LME grows 22% in 2008; posts 4th consecutive year of record volumes

Written by Commodities Bureau | Mumbai | Updated: Jan 8 2009, 04:01am hrs
The London Metal Exchange (LME) has achieved another record year in 2008 with over 113 million lots traded, representing a year-on-year increase of nearly 22%. This was the fourth consecutive year of record volumes for the exchange, up from the 93 million lots traded in 2007, which was an increase of 7% from 2006. The annual volume of 2008 represented some $10.24 trillion in turnover, an increase of 7% on 2007, exchange release said.

Against a backdrop of exceptional market turmoil during the year, this strong performance reinforces the LMEs position as the leading market for industrial metals, said Martin Abbott, chief executive, LME. The exchange has demonstrated its ability to continue to provide highly liquid, efficient and robust markets. Our investment in infrastructure and product development will continue in 2009, he said. The month of December 2008 saw close to 8.8 million contracts traded, an increase of around 28% on December 2007, partly due to December 2008 having three more trading days than the previous December. The average daily volume for the month was 418,089 lots, against 381,187 the previous year, up 10% year-on-year.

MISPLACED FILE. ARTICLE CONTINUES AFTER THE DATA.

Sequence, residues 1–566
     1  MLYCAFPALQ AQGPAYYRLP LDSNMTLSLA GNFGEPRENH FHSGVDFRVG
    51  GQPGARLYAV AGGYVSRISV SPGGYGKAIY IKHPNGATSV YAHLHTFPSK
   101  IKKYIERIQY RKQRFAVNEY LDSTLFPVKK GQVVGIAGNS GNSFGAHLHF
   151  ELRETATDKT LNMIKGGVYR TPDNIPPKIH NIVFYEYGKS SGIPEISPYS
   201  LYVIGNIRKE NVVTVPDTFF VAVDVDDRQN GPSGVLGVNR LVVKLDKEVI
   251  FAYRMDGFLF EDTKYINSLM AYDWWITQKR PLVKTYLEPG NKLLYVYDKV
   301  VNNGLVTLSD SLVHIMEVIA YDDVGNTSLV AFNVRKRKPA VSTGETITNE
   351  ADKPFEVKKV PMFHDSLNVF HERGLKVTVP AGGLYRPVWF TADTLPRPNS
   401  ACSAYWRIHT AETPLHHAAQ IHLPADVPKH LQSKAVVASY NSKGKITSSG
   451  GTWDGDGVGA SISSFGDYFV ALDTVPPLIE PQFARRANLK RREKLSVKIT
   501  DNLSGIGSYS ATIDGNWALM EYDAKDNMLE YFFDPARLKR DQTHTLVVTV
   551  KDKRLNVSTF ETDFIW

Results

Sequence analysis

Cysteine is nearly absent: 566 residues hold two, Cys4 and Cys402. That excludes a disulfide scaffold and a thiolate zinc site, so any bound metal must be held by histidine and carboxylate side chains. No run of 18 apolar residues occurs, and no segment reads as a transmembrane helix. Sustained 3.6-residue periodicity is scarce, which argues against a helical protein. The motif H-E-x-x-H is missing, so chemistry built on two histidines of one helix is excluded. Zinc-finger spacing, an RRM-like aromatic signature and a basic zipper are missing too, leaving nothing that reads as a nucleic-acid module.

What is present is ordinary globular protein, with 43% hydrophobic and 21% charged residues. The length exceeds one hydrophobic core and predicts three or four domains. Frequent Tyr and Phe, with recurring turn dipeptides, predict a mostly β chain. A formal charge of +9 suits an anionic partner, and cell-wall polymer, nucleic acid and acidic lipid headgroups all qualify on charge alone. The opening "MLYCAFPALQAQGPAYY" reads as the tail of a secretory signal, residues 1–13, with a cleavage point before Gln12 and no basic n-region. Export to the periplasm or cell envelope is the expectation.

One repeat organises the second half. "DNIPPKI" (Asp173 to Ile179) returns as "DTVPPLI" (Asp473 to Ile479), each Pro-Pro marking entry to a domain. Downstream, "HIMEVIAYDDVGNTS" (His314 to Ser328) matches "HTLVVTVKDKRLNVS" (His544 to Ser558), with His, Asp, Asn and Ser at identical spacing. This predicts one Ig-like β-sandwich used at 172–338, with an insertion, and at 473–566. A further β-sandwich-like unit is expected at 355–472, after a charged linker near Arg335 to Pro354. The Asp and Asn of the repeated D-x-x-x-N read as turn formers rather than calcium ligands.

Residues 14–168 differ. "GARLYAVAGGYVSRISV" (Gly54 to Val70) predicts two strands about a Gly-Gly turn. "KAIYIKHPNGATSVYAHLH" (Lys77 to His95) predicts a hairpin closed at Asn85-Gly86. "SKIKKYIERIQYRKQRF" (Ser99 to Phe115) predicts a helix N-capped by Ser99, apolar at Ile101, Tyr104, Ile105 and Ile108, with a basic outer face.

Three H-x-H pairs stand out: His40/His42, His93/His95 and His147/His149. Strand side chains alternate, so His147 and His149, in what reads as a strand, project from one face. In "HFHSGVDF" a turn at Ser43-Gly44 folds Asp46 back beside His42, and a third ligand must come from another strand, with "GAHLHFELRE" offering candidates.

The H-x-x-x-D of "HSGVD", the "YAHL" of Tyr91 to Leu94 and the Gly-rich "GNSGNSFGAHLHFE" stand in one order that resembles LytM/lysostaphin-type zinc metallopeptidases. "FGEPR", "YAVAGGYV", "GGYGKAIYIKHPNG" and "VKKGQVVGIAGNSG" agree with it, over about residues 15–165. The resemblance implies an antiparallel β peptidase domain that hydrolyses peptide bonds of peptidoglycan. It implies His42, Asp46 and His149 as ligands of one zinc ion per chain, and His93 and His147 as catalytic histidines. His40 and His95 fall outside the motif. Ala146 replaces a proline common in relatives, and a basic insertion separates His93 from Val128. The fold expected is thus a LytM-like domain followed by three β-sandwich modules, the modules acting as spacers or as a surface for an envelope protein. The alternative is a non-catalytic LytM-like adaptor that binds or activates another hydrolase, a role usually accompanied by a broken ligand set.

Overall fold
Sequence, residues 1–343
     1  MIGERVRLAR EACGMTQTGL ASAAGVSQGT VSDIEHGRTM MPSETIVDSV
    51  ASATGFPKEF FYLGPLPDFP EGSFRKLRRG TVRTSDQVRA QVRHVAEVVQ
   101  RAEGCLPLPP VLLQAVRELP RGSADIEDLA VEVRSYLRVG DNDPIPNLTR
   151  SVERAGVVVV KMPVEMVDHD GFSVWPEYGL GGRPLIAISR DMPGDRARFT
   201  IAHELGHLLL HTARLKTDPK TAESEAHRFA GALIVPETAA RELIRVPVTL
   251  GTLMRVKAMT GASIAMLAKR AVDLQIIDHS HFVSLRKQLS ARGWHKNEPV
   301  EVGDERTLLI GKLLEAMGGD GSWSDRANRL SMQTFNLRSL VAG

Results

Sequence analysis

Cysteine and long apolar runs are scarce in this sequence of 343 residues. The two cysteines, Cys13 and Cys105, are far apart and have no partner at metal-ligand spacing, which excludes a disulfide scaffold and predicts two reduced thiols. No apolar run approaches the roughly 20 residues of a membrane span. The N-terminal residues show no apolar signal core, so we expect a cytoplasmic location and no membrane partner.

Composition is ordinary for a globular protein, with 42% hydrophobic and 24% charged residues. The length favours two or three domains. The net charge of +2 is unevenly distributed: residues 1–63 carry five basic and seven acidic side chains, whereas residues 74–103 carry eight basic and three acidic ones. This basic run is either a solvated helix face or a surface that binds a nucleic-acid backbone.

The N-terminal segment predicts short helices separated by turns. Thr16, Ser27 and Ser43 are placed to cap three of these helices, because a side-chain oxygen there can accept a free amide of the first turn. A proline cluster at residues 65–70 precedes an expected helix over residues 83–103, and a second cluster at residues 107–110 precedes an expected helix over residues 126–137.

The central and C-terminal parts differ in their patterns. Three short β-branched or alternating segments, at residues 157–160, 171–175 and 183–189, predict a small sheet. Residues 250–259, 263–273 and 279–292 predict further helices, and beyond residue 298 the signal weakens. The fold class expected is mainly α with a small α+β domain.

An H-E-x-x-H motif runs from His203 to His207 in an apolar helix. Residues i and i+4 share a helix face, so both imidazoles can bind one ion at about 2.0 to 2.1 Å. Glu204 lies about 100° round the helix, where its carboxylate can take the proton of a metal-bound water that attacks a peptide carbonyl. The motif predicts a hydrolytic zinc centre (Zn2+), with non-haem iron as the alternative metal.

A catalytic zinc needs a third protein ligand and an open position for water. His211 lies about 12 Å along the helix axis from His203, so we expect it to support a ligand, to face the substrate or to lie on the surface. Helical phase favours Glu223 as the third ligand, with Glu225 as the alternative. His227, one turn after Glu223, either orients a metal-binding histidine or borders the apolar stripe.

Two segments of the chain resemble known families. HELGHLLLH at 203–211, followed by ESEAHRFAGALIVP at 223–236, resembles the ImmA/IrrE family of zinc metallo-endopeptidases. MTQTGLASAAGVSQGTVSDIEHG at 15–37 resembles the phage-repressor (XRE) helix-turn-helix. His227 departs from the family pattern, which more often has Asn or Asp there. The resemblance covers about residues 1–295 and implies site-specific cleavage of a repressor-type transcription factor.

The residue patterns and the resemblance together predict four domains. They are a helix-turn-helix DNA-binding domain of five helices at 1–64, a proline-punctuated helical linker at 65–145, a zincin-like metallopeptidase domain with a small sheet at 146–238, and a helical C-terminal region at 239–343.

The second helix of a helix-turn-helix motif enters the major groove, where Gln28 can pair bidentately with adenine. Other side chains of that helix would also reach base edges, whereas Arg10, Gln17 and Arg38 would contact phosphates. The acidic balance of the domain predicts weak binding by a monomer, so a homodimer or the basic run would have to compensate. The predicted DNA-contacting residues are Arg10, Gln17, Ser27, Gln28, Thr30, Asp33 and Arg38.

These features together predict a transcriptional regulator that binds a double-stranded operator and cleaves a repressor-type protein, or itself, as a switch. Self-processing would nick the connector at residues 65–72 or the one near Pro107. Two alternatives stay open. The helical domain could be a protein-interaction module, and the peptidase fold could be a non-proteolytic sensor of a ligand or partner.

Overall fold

Among the contracts showing the highest volume growth in 2008, nickel futures volume grew 37%, to 5.2 million contracts; lead futures were up 32% to 6.1 million and zinc increased 28% to 16.1 million. Aluminium futures, the exchanges largest contract, reached 48.3 million lots, an increase of 20% on 2007. Copper futures, meanwhile, were up nearly 24% year-on-year, at 26.5 million lots. In addition to the launch of our steel billet futures contracts, the year 2008 also saw the introduction of new services, including the extension of our prompt calendar, with the market now able to trade aluminium and copper out to ten years, and lead, zinc and nickel out to five years, reflecting the growing demand for exchange-traded risk management products, Abbott added.